Nancy Barber (nlbarber) wrote,
Nancy Barber

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Health Insurance Joys, Round 2

Yesterday I realized that the samples of Nexium were almost exhausted, so I called the doctor's office to explain that the drug was working, I would like a prescription, but that my insurance company wouldn't cover the Nexium and recommended Prevacid or Aciphex. And while we were at it, would the doctor consider if I could use one of the lower cost alternatives to Lipitor, which would cut my insurance co-pay in half. Oh, and while we were doing that, I'd also like a second copy of each prescription so I can start using the Aetna mail-in pharmacy program at 1/3 the cost of a retail store. (I do not envy the life of the doctor's receptionist, or whoever it is that has to take all these sorts of calls and try to keep them all straight.)

It being Friday afternoon, I wasn't sure they'd manage to get the prescription called in (I arranged to pick up the copies of the prescriptions on Monday morning). Nonetheless, I stopped this morning on the way home from Jazzercise, and there was a bottle of Prevacid waiting for me. BUT: the insurance wouldn't cover it. I yelped, and explained that this was the drug the insurer's Web site recommended instead of Nexium, and so they went to investigate--after dealing with another customer's insurance problems. When they got to me, their computer eventually said that this drug requires "prior authorization" (back to that phrase that this context). When I still looked baffled, they called the insurer and were informed that as of Jan. 1, all drugs in this class require prior authorization.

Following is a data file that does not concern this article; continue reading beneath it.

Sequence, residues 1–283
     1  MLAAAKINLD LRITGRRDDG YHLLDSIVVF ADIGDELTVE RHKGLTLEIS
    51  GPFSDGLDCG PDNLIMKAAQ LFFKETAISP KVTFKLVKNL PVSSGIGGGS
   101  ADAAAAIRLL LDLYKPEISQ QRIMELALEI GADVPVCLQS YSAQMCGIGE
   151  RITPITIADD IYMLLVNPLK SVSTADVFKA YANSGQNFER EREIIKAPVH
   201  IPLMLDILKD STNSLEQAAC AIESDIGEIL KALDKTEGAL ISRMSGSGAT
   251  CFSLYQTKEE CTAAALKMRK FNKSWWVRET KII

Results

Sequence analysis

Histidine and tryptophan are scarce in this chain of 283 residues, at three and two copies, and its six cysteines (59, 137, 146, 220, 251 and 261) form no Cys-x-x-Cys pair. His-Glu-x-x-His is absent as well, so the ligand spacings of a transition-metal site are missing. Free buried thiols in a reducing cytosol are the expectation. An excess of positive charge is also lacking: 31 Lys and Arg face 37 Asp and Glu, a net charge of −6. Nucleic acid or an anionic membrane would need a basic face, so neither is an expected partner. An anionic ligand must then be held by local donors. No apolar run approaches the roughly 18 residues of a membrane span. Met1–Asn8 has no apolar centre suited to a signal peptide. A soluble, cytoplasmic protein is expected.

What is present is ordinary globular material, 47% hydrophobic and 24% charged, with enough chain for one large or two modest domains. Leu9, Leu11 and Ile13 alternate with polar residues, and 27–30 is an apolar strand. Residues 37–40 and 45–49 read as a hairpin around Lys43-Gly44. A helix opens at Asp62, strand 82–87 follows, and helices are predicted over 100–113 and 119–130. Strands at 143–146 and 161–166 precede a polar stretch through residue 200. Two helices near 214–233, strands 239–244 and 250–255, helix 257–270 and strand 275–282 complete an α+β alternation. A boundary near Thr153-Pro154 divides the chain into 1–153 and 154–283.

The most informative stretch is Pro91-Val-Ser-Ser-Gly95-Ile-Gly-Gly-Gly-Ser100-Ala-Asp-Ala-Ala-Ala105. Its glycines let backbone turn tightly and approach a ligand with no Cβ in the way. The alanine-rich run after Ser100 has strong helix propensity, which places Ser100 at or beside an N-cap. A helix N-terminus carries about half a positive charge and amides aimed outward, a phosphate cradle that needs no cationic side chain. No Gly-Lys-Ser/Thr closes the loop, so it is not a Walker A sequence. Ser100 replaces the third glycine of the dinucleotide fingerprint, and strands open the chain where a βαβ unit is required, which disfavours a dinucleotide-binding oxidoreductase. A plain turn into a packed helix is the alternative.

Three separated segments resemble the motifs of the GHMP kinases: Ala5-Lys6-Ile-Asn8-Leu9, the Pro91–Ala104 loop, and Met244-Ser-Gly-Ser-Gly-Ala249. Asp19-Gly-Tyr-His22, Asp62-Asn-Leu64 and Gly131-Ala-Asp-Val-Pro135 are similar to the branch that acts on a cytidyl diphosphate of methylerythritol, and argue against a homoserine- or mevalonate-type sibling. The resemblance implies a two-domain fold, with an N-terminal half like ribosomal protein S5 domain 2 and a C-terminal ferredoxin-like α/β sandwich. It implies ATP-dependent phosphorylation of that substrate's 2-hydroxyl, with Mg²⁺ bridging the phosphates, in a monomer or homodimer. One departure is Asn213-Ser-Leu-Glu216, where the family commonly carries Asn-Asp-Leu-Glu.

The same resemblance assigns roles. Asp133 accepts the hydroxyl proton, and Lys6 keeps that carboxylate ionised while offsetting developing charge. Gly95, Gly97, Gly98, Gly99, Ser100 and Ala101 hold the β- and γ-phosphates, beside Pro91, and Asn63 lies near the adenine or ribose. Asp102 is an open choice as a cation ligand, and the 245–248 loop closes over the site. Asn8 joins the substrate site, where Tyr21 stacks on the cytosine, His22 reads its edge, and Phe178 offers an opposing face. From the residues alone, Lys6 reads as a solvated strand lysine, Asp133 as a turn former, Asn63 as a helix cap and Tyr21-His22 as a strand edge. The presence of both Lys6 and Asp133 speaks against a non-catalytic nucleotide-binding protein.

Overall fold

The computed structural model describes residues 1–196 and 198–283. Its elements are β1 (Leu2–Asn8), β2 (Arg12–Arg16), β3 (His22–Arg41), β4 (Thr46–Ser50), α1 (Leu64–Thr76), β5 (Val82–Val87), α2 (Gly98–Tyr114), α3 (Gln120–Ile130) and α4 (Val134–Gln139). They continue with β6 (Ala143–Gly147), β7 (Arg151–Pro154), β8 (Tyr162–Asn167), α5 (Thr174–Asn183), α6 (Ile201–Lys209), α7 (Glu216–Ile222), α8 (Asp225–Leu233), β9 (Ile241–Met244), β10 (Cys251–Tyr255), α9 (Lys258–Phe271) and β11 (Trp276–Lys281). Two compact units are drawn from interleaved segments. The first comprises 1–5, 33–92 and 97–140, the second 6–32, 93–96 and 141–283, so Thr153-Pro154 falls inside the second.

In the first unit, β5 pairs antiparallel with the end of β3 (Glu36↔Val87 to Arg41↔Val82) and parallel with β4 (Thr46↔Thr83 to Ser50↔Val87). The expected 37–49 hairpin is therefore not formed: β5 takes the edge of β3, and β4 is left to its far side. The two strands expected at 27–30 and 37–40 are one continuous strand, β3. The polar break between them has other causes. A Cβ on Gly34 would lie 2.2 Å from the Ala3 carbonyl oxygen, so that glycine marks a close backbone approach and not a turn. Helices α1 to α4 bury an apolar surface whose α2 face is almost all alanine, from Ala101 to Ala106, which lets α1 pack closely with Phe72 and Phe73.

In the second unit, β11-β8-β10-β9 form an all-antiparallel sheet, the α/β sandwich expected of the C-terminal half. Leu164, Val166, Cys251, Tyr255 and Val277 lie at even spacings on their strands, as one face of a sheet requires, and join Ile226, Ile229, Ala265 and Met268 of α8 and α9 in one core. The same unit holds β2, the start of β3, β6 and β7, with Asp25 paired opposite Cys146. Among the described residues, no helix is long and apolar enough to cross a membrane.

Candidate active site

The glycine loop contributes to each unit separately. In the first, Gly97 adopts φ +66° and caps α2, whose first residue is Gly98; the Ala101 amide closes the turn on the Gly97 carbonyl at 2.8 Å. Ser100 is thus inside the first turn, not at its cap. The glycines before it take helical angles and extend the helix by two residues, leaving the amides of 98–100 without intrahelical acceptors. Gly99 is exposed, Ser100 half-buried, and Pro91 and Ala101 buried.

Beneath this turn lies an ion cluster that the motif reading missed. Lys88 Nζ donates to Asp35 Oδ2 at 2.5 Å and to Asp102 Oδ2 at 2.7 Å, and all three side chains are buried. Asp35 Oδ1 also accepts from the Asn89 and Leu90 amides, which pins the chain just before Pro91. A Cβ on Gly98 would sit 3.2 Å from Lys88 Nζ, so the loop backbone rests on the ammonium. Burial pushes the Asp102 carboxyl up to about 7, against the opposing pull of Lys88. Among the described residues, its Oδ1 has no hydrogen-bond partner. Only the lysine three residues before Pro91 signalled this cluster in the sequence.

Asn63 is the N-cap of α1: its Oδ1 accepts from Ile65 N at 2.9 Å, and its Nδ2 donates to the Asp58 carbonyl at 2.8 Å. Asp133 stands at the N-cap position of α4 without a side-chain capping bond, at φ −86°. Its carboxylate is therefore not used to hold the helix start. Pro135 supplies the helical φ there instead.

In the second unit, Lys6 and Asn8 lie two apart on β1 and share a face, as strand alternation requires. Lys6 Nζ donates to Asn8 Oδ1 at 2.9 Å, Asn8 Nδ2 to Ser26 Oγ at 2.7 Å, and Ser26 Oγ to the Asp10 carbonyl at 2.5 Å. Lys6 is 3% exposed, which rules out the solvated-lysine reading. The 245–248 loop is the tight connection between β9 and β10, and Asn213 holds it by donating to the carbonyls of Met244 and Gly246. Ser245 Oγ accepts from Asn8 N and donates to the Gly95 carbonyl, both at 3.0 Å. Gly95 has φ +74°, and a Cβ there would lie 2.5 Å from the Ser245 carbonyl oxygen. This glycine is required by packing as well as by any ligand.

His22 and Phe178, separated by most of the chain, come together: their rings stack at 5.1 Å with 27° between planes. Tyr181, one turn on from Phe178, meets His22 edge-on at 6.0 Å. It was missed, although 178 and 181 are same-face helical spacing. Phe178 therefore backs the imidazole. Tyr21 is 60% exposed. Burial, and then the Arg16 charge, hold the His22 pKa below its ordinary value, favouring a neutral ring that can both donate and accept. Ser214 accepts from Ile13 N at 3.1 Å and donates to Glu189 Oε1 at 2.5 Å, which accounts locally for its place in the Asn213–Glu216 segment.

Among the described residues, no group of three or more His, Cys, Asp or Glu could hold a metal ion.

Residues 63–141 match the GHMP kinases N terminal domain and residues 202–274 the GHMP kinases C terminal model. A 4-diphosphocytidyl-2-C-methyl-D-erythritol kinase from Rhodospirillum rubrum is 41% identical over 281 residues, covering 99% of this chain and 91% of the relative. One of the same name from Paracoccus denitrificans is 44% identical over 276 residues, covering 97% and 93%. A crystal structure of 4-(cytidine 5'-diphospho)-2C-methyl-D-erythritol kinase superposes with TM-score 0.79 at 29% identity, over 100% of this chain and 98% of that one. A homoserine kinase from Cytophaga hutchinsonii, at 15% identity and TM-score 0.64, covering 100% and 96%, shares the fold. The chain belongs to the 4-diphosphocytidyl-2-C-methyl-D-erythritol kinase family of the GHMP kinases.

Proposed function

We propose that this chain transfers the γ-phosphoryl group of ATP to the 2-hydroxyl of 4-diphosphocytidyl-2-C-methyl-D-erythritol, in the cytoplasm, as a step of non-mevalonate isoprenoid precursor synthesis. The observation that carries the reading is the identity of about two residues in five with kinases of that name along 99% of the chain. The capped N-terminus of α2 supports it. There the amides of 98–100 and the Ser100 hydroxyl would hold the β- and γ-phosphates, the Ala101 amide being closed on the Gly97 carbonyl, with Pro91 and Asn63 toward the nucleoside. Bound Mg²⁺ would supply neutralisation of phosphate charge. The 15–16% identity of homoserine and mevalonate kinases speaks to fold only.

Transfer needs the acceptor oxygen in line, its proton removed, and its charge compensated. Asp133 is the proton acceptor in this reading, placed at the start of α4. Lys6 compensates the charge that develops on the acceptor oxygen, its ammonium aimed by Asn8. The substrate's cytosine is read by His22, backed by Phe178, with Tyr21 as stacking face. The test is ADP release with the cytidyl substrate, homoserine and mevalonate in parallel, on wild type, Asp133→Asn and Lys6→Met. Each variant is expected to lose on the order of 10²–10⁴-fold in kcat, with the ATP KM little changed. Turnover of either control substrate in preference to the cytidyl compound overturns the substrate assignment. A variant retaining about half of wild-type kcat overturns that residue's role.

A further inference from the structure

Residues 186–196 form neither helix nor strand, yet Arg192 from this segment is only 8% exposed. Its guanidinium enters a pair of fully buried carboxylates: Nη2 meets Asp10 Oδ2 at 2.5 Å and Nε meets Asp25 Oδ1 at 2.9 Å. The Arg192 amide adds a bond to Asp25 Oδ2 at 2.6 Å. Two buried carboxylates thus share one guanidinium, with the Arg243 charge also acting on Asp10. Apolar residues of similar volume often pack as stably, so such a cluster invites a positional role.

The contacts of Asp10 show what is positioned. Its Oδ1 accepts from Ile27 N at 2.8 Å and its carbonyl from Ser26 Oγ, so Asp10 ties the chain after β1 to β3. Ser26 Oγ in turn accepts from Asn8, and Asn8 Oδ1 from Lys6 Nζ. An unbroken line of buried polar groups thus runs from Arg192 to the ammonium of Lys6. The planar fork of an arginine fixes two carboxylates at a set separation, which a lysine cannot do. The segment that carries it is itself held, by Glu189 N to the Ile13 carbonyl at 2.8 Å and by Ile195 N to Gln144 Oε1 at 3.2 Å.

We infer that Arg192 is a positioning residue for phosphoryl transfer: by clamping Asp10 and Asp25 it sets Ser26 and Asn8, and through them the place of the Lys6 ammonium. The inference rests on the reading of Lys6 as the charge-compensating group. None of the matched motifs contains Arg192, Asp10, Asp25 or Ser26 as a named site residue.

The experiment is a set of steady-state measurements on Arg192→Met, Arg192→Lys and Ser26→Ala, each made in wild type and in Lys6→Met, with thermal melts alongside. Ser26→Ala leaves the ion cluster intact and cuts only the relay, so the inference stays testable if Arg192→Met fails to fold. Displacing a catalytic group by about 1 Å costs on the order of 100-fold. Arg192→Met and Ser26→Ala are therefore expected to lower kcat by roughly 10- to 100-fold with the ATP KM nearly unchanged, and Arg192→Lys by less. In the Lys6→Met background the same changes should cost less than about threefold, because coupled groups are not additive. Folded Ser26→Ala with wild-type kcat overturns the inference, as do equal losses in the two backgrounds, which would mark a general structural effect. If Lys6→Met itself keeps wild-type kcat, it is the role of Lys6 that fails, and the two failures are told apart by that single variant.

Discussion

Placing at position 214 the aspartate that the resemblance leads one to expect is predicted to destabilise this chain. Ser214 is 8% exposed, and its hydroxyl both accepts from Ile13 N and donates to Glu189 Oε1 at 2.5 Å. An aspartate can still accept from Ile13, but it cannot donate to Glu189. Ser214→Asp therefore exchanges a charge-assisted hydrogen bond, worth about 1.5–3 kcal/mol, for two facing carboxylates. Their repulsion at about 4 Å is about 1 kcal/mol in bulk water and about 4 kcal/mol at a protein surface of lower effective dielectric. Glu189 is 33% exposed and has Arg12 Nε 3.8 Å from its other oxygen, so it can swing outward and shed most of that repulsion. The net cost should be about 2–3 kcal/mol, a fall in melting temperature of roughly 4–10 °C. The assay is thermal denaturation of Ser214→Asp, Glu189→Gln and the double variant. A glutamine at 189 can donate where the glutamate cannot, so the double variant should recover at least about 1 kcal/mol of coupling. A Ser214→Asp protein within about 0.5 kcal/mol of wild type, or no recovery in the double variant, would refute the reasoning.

So, rather than pay the full retail price, I elected to wait until Monday when the pharmacy can consult with my doctor and try to get over the prior authorization hurdle. And I've spent the day reflecting on the incredible inefficiencies of this system--the time it takes for me, for the pharmacy, for the doctor's staff, and for the doctor to go through these rounds of "what drug can be prescribed, and what will it cost the patient". I'm no fan of the latest and greatest new drug that's just a tweak of an old one, and don't mind taking older drugs or generics if they will do as well for my problem. But can't we come up with a better system than this for determining what that drug is?
Tags: health

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